Nothing lasts for long in the NFL, and no position embodies this truth more than running back. The gratuitous violence in the trenches wears on ball carriers, who are often 100 lbs. lighter than the men dragging them to the ground. If the back is so fortunate to break into the open field, one wrong cut can slice into an ACL, altering a career’s trajectory.
If a back survives the churn and finds his way to an overdue payday, one mistake can change everything. Which brings us to Melvin Gordon, who was arrested for driving under the influence four days before the Broncos’ game against Bill Belichick’s New England Patriots.
“He consented to voluntary Field Sobriety tests... performed unsatisfactorily and was arrested. Stadium Medical paramedics” came and administered a blood draw. Test results are pending.— Mike Klis (@MikeKlis) October 14, 2020
Gordon pleaded not guilty to the DUI and speeding charges. In early January 9News’ Mike Klis reported a disposition was set to continue March 10th at the request of Gordon’s attorney Robert Malen. He cited new information, and added that a subpoena may need to be issued. A pre-trial hearing is set for April 2nd with a jury trial scheduled for April 8th.
It’s necessary to mention that it is entirely possible Gordon wins the case, faces no discipline from the NFL, and continues his career with the Broncos. In his first year in orange and blue, he played in 15 games and finished with 1,144 total yards and 10 touchdowns.
There also remains a distinct possibility the Broncos’ new general manager could see an expensive 28-year-old running back and move on if the opportunity presents itself. George Paton didn’t sign Melvin Gordon to a 2-year, $16 million deal, John Elway did. A DUI conviction could lead to a suspension from the NFL and Klis reported the Broncos would have the right to Gordon’s remaining guarantees.
And if he’s suspended to start the 2021 season, the Broncos would have the right to void his $4.5 million fully guaranteed salary on his $7 million payout for 2021.
Essentially, the final year of the contract could be wiped out which would mean the Broncos and Gordon would to have to agree to a new deal. Which would also figure to be a new deal at reduced money. That’s one dot leading to another but leads to the reason why Gordon didn’t take his plea on December 14. Only a finding of not guilty would allow him to maintain his 2021 guarantees.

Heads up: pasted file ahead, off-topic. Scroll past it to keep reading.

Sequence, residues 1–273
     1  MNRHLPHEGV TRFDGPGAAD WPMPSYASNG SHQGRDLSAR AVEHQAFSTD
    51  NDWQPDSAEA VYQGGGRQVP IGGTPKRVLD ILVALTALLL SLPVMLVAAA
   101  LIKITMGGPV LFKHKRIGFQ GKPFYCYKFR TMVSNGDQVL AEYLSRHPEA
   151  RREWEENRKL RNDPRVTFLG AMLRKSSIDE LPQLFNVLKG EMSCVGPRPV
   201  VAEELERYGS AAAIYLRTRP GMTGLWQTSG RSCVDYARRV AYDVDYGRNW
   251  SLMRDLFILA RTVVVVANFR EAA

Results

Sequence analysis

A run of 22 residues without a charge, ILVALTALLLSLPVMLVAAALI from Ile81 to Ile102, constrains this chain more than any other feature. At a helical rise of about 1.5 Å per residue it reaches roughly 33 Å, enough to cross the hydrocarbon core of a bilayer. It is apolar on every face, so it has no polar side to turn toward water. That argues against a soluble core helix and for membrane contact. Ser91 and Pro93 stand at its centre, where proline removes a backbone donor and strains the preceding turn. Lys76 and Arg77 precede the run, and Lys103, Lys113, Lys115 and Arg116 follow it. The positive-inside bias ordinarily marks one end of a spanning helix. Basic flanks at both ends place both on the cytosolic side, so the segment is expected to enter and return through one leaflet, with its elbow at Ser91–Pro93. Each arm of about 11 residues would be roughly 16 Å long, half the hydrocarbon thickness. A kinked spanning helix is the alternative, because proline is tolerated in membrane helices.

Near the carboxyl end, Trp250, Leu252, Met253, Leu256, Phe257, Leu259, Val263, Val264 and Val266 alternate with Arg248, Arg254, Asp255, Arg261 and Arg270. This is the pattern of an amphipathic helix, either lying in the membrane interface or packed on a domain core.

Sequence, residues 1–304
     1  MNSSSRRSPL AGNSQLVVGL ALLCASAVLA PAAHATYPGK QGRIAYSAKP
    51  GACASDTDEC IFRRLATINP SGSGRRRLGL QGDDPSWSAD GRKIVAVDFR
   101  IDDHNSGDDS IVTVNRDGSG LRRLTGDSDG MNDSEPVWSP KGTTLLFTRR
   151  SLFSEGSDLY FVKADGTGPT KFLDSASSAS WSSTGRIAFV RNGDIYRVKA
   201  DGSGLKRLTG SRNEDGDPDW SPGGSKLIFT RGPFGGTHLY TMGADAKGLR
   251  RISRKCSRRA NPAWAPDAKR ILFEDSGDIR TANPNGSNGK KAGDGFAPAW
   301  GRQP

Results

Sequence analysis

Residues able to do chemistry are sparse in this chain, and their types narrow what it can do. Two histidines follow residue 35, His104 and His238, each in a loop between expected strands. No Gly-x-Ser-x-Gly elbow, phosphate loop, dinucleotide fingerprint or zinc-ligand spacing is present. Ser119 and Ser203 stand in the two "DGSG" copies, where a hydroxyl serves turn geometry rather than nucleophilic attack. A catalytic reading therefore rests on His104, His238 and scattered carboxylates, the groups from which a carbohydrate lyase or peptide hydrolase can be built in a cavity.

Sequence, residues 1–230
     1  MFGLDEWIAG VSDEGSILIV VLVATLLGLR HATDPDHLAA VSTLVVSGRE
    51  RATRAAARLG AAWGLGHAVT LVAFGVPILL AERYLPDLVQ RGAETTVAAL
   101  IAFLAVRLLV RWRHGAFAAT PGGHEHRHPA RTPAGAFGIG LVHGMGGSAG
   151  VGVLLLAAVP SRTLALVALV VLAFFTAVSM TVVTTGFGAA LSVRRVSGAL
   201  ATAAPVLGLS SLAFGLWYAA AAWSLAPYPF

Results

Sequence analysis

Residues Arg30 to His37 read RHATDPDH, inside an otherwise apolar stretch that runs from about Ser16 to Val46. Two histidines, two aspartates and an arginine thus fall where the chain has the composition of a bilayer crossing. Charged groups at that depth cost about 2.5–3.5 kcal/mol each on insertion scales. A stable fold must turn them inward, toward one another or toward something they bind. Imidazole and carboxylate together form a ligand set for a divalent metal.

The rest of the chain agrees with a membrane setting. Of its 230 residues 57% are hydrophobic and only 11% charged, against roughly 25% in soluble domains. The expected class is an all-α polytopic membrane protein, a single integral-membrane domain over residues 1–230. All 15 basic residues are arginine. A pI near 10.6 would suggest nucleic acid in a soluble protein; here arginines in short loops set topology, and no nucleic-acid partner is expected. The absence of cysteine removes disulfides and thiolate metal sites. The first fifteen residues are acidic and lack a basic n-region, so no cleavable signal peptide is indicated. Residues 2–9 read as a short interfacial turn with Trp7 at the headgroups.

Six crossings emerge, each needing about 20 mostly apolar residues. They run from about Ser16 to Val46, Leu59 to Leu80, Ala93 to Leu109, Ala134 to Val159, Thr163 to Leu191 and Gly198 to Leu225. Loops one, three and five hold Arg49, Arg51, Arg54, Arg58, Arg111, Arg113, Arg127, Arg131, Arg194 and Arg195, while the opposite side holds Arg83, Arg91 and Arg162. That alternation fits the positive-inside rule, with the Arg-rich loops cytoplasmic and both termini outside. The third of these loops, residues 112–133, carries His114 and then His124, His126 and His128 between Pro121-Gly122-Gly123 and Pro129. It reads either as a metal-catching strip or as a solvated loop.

After reaching out to Pro Football Focus’ Brad Spielberger and Over The Cap’s Nick Korte, it is clear that the Broncos can not void anything until Gordon’s trial. Due to the timing of the upcoming trial, it seems unlikely Paton will know with certainty what Gordon’s status is before the opening days of free agency. This dramatically helps Gordon’s odds at remaining on the roster, but it does not guarantee it.
If the Broncos are planning for 2021 and beyond, it should already be clear they are quickly approaching a crossroads at the running back position. Both Gordon’s and Royce Freeman’s contracts have a single year remaining before they become Unrestricted Free Agents. Phillip Lindsay is likely to return this season as a Restricted Free Agent, but the one-year deal expires after Denver’s season ends.
Questions about Gordon only increase the odds Paton takes a back in the NFL Draft. I’ve already looked at the Vikings draft history since 2007, but today I wanted to look at three backs who could intrigue the Broncos as potential Gordon replacements.
Rhamondre Stevenson - Oklahoma
Stevenson didn’t follow the typical path of an NFL Draft prospect. He took a year off from football and went the Junior College route, then spent two years discovering his way to Norman. In 2019, he found himself splitting carries with Jalen Hurts and Trey Sermon until a failed drug test led to a suspension from the College Football Playoffs and part of his Senior season.
I’ve seen all sorts of listed weights for Stevenson, from as low as 220 lbs. all the way up to a double bacon cheeseburger shy of 250. My understanding is the 23-year-old dropped weight before his final season in Norman, and it looks like right decision as the added quickness will help him in the league.